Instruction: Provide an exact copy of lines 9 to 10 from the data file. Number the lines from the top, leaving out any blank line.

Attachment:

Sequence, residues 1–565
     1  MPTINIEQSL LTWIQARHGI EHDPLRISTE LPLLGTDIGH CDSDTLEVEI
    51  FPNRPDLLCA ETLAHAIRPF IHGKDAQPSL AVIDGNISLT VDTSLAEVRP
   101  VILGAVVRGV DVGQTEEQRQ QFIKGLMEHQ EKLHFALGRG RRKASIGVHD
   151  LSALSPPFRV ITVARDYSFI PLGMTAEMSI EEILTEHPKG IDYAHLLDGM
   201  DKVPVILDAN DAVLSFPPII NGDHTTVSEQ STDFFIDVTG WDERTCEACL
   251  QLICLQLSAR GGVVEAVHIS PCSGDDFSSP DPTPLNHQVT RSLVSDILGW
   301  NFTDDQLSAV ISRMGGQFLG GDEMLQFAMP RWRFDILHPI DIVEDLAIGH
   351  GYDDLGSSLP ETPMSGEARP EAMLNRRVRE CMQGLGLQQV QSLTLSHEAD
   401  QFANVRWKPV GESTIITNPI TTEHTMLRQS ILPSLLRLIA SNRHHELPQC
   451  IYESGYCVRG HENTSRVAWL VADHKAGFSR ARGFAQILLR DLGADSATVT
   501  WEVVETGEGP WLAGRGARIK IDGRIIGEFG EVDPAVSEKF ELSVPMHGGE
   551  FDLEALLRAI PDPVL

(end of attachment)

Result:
   351  GYDDLGSSLP ETPMSGEARP EAMLNRRVRE CMQGLGLQQV QSLTLSHEAD
   401  QFANVRWKPV GESTIITNPI TTEHTMLRQS ILPSLLRLIA SNRHHELPQC